Great to see a medical board seriously thinking about and discussing open-book exams. This post from the American Board of Pediatrics does a nice job laying out the pros and cons of such a system. Two important issues they raise:
Previous exams have “ample psychometric data in support of [their] fairness, validity, and reliability”—Although any new testing format would need to undergo a tremendous amount of testing, this should in no way hinder improving an exam. The above statement means that the ABP board exam has good internal validity  but has no bearing on its external validity . Board exams, at all levels, need to reflect the real-world practice of medicine. Kevin Pho MD wrote eloquently about this over 3 years ago on his blog.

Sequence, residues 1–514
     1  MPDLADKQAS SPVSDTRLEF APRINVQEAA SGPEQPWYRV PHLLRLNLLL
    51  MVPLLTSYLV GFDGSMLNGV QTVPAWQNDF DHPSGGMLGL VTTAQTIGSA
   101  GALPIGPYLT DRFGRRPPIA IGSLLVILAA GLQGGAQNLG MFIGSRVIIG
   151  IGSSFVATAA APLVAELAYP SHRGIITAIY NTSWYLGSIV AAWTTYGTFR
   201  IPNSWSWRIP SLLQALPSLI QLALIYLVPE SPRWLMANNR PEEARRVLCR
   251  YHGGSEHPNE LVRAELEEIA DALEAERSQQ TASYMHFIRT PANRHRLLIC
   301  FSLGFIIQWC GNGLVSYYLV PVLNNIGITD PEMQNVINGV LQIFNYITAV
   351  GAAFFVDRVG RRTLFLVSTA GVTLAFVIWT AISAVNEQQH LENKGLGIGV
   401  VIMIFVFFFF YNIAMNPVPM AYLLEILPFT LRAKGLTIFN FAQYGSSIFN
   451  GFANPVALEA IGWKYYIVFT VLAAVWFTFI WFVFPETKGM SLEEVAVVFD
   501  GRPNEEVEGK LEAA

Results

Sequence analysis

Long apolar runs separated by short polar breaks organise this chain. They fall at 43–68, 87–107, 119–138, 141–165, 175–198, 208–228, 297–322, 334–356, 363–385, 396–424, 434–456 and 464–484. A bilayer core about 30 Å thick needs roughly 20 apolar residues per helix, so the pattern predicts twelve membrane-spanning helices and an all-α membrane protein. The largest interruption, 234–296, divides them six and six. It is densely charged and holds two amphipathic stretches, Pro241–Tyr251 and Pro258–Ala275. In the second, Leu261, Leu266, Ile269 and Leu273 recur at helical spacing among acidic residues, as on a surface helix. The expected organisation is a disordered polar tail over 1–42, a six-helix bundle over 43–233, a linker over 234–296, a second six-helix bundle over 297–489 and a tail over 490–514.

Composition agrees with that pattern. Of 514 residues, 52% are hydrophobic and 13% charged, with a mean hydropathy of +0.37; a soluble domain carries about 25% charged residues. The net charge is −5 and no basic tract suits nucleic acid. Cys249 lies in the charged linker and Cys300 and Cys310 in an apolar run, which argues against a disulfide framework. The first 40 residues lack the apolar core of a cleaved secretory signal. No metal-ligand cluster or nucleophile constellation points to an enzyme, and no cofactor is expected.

Cheating—This is a solvable problem by controlling the testing environment. Test-takers could be limited to a select number of commonly used resources, not the full internet . Or, all internet traffic for the examinees could be monitored. The potential for cheating should not be a significant barrier to changing exam formats. Even with the current exam mechanisms, cheating happens.
I previously wrote about why exactly I think we need open-book testing in medical eduction. The practice of medicine is about finding the right answer for your patient, not how you find that answer.
That is, how well the exam tests what it is supposed to test and performs year-to-year between similarly skilled test-takers. ↩
How well the exam tests someone’s skill at actually practicing medicine. ↩
Admittedly, such a system would have its own issues, most notably implicit endorsement of certain clinical resources. ↩